>unforseen vulnerability. This is, IMO, as likely as that it will protect
>against some unforseen vulnerability -- the alleged reason for the scheme.
>

Hehe, I was trying really hard to put this issue into some tangible
numbers :)

There is always security risk related to the design, to the implementation,
to the administration, etc. From all the books/sources I've learned
crypto and security (including topics on information system auditing
and assurance, information security risk assessment), I couldn't find
any systematic methodology to estimate this. Everyone is talking
about it in bulleted items, kinda subjective.

This seems to come only with experience, and learn the hard
way after screwing up a couple of times, or something.

I don't know, I'm working on estimating the potential consequences
of a security breach.  But this is way beyond my
knowledge/experience/expertise.
And this is really on a case by case basis, no book can teach
me that, I guess.

thanks

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Re: Need objective arguments against double certificate

coco coco
In reply to this post by david-28
>
>Like the commentator, I'm also a little guy.  In my case, I'm a retired guy
>who got his intro to this stuff from Entrust.  I got convinced that their
>two (or more) -certificate solution was right, based upon the following:
>
>If you are an employee in an organization, it is valid for the organization
>to have access to your DATA but not your IDENTITY should you get run over
>by a bus or tsunami.  Two certificates, where the ENCRYPTION certificate's
>private key is kept by the organization is thus a valid idea.  This is
>sometimes called Key Escrow, Key Recovery, etc.  However, the organization
>never has a legitimate reason to sign on your behalf.  Two certificates
>with different keys allow for this distinction.  It also allows you, the
>employee, to reclaim old encrypted material when you lose the key.
>
>Furthermore, when the police knock down your door (as is increasingly
>possible in the US) and demand your encryption key so they can scan your
>computer, you can still keep your identity-proving key private, because one
>assumes they would have no reason to manufacture new data signed by you.
>
>Please note that having two certificates doesn't imply key escrow, it just
>allows for it to happen when appropriate.  Yet, it allows for a separation
>of confidentiality and identity proof.
>

Well, actually, key escrow was designed in the system from the beginning.
For a shameless plug, this scheme is designed by myself. I'm giving
a brief description here, so you guys can help to see if that makes
sense.

User's keys are escrowed in a central database, completely separated
from the application system (physically and logically, on a remote site).
The escrow database is encrypted with two keys (double encryption,
one on top of another). The two keys are kept in USB tokens, separately,
then they are kept in a safe at a trusted third-party (e.g. a bank). The
2 tokens are kept at two totally different banks. The policy is that
no single person should have access to both tokens at the same time. It
requires
at least two dedicated officers to get both tokens.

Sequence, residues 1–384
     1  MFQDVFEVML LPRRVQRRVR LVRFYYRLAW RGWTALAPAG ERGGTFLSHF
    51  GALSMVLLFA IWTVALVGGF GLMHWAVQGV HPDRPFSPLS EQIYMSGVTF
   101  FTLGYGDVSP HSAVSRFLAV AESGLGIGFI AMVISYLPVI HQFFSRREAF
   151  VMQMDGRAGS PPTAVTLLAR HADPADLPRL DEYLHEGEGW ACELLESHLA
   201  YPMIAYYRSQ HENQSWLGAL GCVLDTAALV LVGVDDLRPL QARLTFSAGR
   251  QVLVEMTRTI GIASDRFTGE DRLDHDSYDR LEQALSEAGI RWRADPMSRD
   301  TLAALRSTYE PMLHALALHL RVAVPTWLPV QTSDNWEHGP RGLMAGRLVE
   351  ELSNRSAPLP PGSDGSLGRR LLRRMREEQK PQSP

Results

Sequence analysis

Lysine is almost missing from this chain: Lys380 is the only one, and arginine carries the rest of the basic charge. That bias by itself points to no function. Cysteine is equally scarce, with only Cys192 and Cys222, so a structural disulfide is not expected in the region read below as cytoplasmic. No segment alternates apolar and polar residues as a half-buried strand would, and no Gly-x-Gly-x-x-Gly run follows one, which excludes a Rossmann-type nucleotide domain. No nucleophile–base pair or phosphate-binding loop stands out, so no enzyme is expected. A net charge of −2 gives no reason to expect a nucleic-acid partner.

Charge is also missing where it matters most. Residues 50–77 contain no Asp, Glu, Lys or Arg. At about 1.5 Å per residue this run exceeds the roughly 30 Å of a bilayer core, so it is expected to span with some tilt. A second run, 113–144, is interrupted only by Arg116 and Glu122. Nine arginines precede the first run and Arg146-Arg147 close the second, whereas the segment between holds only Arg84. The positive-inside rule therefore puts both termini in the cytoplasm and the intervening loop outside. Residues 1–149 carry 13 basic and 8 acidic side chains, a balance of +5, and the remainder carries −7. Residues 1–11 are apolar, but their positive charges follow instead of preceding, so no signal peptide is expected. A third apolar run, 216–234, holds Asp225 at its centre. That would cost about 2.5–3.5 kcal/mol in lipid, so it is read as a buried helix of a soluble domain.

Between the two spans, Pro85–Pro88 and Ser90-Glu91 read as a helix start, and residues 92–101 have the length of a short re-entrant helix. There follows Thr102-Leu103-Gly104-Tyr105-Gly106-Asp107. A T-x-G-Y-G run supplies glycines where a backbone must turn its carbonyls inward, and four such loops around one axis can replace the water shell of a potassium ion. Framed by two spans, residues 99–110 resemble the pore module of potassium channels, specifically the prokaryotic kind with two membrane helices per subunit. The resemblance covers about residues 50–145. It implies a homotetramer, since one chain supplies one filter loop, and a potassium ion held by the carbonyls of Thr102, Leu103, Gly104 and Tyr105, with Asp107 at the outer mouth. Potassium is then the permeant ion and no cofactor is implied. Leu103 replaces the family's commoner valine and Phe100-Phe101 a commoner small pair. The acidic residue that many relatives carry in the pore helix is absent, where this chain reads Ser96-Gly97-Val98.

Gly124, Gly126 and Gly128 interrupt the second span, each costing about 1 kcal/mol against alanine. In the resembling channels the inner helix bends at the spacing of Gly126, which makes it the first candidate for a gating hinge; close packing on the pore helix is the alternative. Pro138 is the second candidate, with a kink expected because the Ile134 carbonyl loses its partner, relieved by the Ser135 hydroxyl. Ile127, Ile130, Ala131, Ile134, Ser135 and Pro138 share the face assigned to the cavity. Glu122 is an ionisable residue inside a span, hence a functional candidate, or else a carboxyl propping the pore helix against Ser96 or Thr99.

There is an option too: In order to get both keys, both officers must
have a dedicated third-party witness (e.g. a well-known law firm). But
we are still evaluating if this option is really needed. This seems to be
more of policy management issue than technical issue.

The password to the token is kept with the token, in the safe at
the trusted third-party.

The issue seems to be with re-encryption of the escrow database.
For example, if the algo is found to be broken, or if the key length
is not enough anymore, then we would need to create new keys
and re-encrypt the thing.  This is left as open for now.

That's it.

Yeah, I know, you have not seen the implementation, so not fair
to say if that's ok or not. This project is for a government agency,
which handles very sensitive data.

Sorry, this is getting into some non-sense unrelated to openssl.
I'll stop here :)

coco

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Re: Need objective arguments against double certificate

coco coco
In reply to this post by coco coco
>
>I thought the problem was that you were using the same keypair
>for encryption and signing.  So that there really is only one key.
>

I know, the key escrow was designed when the requirements were
only for encryption only. Digital signature requirement was added when
the consultant got on board. So, it was not really part of the original
plan. We have not redesigned the escrow scheme, as we have
not really resolve this double-cert thingy.

Yeah, I agree with you, if we using the same key with 2 certs,
the escrow becomes the main attack target.

thanks

coco

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Re: Need objective arguments against double certificate

Joshua Juran
In reply to this post by coco coco
On Jun 16, 2005, at 11:47 PM, coco coco wrote:

> For a shameless plug, this scheme is designed by myself. I'm giving
> a brief description here, so you guys can help to see if that makes
> sense.

[snip]

> Yeah, I know, you have not seen the implementation, so not fair
> to say if that's ok or not. This project is for a government agency,
> which handles very sensitive data.

Then perhaps your company should hire a security expert to design the
security.  Defects in portability or performance are low-risk and
easily detected, and the cost scales with the time until a patch is